How many times does it happen that you come across a marvelous picture and go “Wow!”? Some of us laud it and walk past while there is the other kind who pick up the camera and try to emulate the same. But before starting off, let us make one thing clear, Photography is not an easy art or even a hobby for that matter. Anyone can take pictures, but only a select few can make pictures. Speaking of Photography, how could we possibly leave behind The Photographer? He or she is the one who brings out the best, makes an ordinary scene worth a second glance. So for any shutterbug, the following attributes form an eternal part of their culture.
1)Patience: It is a well documented fact that you just don’t get great pictures as soon as you take out your camera. One has to wait, for minutes, hours even, for that one particular shot which is worth all the effort.
2)Opportunity: Photography is also cunning in its own ways. It so happens that you witness something spectacular, but sadly, you left our camera behind. There is nothing more disheartening for a Photographer. Sometimes it can also happen that there’s a wonderful opportunity for a great photo in front of you, but you don’t realize it until much later. A photographer should possess a keen sense of what works.
3)Creativity: Lastly, a pinch of your own ideas. Photography is an art of perspectives. Your view is definitive. So, go out there and get clicking through your eyes.
Now that we have established a chain of command for the proverbial hobby Photographer, let us take a look at the finer elements of Photography, stuff that could make of break your Eureka moment. Buck up fella’s.
The difference between an ordinary photograph and a great one can be established by observing three parameters, namely:-
1) Shutter Speed
Learn these things by heart because you’ll be using it through out your association with the camera.
It is defined as the amount of time for which the light falls on the screen. It is usually described as fraction of a second or in many cases, seconds. For example, a shutter speed of 1/2000 means 1/2000 th of a second and on the other hand a shutter speed of 5 means 5 seconds. Technically, the shutter speeds which are fractions are called as a fast shutter speeds and the ones which are whole numbers are called as slow shutter speeds. Logically, a slower shutter speed would result in large amount of light falling on the screen and a fast shutter speed would result in less amount of light falling on the screen.
It defines the extent to which the light falls on the screen. It works similar to the pupil in the eye, regulating the amount of light falling on the screen according to the surrounding conditions. Apertures are often described using F-stop numbers. A smaller F stop number like F3.5 results in a large opening in the lens and as a result, more light on the screen. While, a larger F stop number like F32 results in a narrower opening of the lens and as a result, less amount of light on the screen. Confusing as it may sound, but this is how it works.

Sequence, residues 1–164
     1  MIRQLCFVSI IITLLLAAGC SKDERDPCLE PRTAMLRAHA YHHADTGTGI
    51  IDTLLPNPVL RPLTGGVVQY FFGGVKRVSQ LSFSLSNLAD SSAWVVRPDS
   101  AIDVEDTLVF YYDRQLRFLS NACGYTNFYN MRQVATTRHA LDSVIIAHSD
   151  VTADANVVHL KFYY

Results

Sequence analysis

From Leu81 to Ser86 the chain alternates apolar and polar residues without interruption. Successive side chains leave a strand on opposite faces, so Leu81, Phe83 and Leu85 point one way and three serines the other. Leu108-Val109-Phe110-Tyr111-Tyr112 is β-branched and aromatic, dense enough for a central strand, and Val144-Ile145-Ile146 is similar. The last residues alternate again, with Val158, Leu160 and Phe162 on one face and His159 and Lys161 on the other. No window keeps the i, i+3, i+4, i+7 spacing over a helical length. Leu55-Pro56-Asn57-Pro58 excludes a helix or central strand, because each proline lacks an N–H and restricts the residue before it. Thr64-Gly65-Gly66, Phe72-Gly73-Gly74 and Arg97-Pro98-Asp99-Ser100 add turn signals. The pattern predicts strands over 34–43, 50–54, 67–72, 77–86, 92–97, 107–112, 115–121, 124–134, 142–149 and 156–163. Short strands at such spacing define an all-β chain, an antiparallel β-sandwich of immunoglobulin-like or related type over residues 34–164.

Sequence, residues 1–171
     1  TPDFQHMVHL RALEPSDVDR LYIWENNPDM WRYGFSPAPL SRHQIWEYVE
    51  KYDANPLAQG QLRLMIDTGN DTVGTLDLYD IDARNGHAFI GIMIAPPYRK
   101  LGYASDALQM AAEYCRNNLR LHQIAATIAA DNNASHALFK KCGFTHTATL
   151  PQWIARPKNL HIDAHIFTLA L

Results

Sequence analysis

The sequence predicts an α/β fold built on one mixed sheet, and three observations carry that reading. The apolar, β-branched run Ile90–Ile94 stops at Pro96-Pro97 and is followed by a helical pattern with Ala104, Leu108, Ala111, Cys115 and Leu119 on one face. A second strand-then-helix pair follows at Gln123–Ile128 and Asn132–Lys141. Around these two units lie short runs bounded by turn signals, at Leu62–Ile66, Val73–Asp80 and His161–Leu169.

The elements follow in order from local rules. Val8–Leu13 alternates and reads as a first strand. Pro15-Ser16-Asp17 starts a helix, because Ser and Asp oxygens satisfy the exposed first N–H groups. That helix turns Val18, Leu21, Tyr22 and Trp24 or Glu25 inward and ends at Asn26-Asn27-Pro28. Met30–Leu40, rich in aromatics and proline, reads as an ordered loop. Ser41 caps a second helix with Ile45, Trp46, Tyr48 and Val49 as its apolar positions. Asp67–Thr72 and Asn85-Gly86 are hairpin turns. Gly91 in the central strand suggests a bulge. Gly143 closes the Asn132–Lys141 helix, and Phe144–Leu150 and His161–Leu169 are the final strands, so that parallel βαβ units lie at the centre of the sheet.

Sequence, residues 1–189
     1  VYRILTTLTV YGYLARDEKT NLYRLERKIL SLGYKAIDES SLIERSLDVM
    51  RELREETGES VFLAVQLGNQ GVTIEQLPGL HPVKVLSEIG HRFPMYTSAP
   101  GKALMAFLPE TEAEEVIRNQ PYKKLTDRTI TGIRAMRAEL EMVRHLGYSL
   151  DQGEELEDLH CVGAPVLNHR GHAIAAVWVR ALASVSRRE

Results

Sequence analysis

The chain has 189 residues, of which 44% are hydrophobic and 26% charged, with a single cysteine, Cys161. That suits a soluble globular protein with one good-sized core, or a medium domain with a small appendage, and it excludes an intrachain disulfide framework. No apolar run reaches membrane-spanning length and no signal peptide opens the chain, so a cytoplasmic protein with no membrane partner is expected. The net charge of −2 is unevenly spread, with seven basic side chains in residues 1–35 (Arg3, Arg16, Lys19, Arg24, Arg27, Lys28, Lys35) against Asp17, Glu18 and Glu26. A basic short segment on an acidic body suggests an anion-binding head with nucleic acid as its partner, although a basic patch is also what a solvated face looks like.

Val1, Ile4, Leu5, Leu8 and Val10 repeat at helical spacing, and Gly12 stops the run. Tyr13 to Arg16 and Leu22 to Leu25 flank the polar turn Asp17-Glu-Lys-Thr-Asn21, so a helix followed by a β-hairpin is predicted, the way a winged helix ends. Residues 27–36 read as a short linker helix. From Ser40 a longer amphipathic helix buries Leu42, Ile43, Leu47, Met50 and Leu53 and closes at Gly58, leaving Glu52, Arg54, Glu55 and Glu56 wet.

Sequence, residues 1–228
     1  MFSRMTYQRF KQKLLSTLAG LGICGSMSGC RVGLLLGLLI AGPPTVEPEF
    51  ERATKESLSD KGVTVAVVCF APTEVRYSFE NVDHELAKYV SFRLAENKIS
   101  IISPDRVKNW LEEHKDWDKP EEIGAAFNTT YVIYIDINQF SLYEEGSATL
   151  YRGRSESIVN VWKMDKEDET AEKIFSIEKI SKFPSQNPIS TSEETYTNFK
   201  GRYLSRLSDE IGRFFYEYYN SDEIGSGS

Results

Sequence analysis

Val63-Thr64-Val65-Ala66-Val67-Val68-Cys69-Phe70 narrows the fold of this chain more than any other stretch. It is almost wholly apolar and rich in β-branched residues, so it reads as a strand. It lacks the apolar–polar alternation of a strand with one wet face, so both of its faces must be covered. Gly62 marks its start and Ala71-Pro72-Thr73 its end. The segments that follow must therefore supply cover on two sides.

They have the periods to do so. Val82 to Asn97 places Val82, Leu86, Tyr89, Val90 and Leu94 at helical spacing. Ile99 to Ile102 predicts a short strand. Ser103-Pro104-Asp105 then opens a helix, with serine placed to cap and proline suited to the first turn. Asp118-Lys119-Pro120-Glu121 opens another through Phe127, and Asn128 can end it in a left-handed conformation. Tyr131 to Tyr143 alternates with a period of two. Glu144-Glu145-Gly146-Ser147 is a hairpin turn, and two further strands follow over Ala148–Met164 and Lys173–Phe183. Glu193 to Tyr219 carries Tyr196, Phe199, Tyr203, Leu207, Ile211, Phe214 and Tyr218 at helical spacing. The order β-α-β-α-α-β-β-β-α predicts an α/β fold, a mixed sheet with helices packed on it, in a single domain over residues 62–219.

Another interesting term is known as Depth-of-Field. This is closely related with the aperture chosen and as a result drastically varies the clarity of the resulting picture. Depth of field is defined as the amount of are in focus laterally. Meaning, the distance from the camera in which the things are in focus. Using a higher aperture or a smaller F stop number results in a shallow DOF and on the other hand, using a narrow aperture or a higher F stop number results in a deeper DOF.
Funnily enough, ISO is not a Photographical abbrevation. It merely stands for International Standards. Though it is very much associated with Photography. It defines or rather measures the amount of light needed by the sensor. ISO is usually shown in numbers ranging from 100 onwards doubling at each step, say 200, 400, 800, etc. An ISO 100 means that the surrounding light is excellent and that no external light is needed, whereas an ISO 1600 suggests that the lighting is poor and also that the picture may be underexposed. But as we move up the ISO ranges, a small problem arises. Your picture gets infested with tiny grains, which in jargon is called as “noise”.
There are various other terms which can be discussed at length, but the above mentioned ones are of utmost importance and can be called as the building blocks upon which any good picture is built.
A fair amount of attention must also be diverted to the terms exposure and composition.
Exposure in one word describes the amount of light that your photograph has. A picture with very little light or the lack of light, is called as an underexposed picture. While the picture which has excessive light is called as an overexposed or a burnt picture. A clean and crisp picture stands out in the facet that it has just the right amount of light, neither more, nor less.
Composition could be defined as the way in which one composes or creates the shot. The rule of thirds could be applied here. Split the screen into 9 squares created by dividing the screen into 3 rows and 3 columns. The rule essentially states that better pictures could be created by placing the main object of focus off center. This way, the picture looks dynamic and at the same time draws the attention of the viewer, If the object of interest would be placed at the center, it would seem lifeless(however true :P).
Photography is essentially the art of capturing light, and it is certain that with the adequate understanding of the above concepts and the synergy between them, your pictures are sure to come out much better.